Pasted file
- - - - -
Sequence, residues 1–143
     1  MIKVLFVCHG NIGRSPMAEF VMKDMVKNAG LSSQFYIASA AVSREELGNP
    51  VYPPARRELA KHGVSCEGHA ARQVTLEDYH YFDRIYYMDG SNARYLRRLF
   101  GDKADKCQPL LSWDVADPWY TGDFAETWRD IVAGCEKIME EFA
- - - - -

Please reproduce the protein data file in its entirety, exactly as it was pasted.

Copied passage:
Sequence, residues 1–143
     1  MIKVLFVCHG NIGRSPMAEF VMKDMVKNAG LSSQFYIASA AVSREELGNP
    51  VYPPARRELA KHGVSCEGHA ARQVTLEDYH YFDRIYYMDG SNARYLRRLF
   101  GDKADKCQPL LSWDVADPWY TGDFAETWRD IVAGCEKIME EFA